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The last round in Gaza – and the next

Heller Mark A

The recent round of inconclusive fighting across the Gaza-Israel border prompts several observations about the outcome and possible implications for the future

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Iron Dome   

Israel’s Iron Dome rocket interception system underwent its first operational test and achieved some notable successes. It was able to discriminate between rockets likely to land in open areas and those headed for population centers, and to refrain from wasting itself on the former while intercepting about 80 percent of the latter. As a result, many Israeli fatalities and injuries were undoubtedly prevented and extensive property damage was avoided. That result validates the economic rationale of the project, despite the huge cost imbalance between cheap rockets and missiles coming out of Gaza and expensive interceptors sent up to destroy them.

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Mr. Xi comes to town

Douglas H. Paal

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Xi Jinping recently visited the United States on a trip intended to keep relations between the two largest economies and often mistrustful partners within constructive channels. The visit was also meant to familiarize the figure likely to head China for the next five to ten years with his American counterparts, should they be reelected. Finally, in light of troubled economic times, Xi’s party signed contracts and made modest policy adjustments to benefit some American farmers and businesses and symbolize good intentions. It was an opportunity to lay out many issues forthrightly, but to leave partisan politics out.

Xi’s visit was conceived amid the tumultuous events of 2010, when China overreacted to incidents in the South and East China Seas and on the Korean Peninsula. The Obama administration, seeking to induce Beijing into more constructive interactions among other objectives, proposed a sequence of visits, starting with the January 2011 state visit by President Hu Jintao, a trip to China by Vice President Joe Biden in August, and culminating in Xi’s visit. The idea, put crudely, was to keep leadership skin in the game of high politics, thereby providing adult supervision for two massive and suspicious bureaucracies.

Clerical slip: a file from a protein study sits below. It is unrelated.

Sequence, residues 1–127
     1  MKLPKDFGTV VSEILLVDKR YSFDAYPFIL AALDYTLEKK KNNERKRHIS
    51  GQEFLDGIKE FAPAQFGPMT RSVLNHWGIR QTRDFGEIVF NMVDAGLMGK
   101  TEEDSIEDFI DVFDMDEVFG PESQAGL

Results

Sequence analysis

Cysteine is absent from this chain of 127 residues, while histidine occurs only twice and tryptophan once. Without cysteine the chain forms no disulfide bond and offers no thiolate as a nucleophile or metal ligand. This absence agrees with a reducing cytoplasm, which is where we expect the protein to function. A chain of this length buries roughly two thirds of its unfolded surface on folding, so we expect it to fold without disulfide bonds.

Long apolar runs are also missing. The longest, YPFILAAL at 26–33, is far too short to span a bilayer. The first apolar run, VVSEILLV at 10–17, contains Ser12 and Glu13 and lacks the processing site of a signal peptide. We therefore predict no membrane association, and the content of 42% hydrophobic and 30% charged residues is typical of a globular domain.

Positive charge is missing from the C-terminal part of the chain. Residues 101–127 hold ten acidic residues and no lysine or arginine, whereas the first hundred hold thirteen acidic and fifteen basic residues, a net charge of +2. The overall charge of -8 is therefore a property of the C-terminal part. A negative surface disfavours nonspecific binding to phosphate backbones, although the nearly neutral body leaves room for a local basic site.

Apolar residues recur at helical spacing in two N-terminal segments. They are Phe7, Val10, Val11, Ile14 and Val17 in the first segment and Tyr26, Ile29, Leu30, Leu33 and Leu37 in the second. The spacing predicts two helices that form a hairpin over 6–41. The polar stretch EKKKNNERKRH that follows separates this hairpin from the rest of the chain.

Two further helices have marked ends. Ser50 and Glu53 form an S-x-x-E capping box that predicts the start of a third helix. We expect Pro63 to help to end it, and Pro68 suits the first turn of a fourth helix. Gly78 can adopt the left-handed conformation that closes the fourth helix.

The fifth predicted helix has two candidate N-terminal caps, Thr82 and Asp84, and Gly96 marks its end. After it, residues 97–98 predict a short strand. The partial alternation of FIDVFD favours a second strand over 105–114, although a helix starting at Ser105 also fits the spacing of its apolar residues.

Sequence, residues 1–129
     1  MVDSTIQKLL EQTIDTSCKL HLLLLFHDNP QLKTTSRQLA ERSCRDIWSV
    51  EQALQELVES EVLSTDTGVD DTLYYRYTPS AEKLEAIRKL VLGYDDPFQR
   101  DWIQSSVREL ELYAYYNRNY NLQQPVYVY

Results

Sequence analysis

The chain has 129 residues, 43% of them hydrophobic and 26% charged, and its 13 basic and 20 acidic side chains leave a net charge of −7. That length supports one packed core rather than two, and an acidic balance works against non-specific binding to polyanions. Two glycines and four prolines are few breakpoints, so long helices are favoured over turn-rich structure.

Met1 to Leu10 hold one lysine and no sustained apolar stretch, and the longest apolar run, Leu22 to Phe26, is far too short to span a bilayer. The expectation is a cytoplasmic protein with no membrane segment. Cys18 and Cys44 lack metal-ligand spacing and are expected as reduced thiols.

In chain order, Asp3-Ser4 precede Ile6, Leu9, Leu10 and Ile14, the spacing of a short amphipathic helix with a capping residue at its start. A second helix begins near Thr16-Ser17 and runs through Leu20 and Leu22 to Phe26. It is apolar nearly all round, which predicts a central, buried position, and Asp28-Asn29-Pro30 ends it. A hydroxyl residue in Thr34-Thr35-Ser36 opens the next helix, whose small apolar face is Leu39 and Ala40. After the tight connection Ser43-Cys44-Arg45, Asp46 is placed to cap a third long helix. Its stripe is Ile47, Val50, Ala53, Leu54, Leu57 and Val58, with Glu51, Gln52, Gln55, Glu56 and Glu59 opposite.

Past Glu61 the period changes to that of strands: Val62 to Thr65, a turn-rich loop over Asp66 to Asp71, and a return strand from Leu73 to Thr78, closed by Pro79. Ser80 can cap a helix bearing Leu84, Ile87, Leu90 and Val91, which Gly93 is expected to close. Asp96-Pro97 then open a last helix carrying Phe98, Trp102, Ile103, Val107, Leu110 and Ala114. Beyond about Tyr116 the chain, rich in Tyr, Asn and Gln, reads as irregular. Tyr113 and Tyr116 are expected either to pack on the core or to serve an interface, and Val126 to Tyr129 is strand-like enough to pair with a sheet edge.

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The logic of Russia’s support for Assad regime

Mark N. Katz

From the March 2012 edition of Addis Standard magazine

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Russia and China have vetoed a UN Security Council resolution seeking to induce Syria’s Assad regime to stop killing its own citizens. Moscow has been particularly vociferous about preventing “external interference” in Syria or of even supporting the call for Bashar al-Assad to cede power to his vice president (as has occurred—at least officially—in Yemen). Chinese statements have been more measured, and it is doubtful that Beijing would have voted against the resolution if Moscow had even abstained on it.

Why, then, is Russia in particular so adamant about protecting the Assad regime? Many observers—especially Russian ones—note that Moscow felt betrayed by what happened in Libya last year. After abstaining (along with China) on the Security Council resolution calling for a no-fly zone over Libya, the US and NATO actively supported the Libyan opposition, which eventually overthrew the Qaddafi regime and formed a new government. Moscow fears that allowing the passage of a similar resolution against Syria would lead to a similar NATO intervention with similar results. Moscow would then lose its closest ally in the Middle East, along with access to naval facilities at Tartus, a close arms relationship, and investments in the petroleum and other sectors of the Syrian economy.

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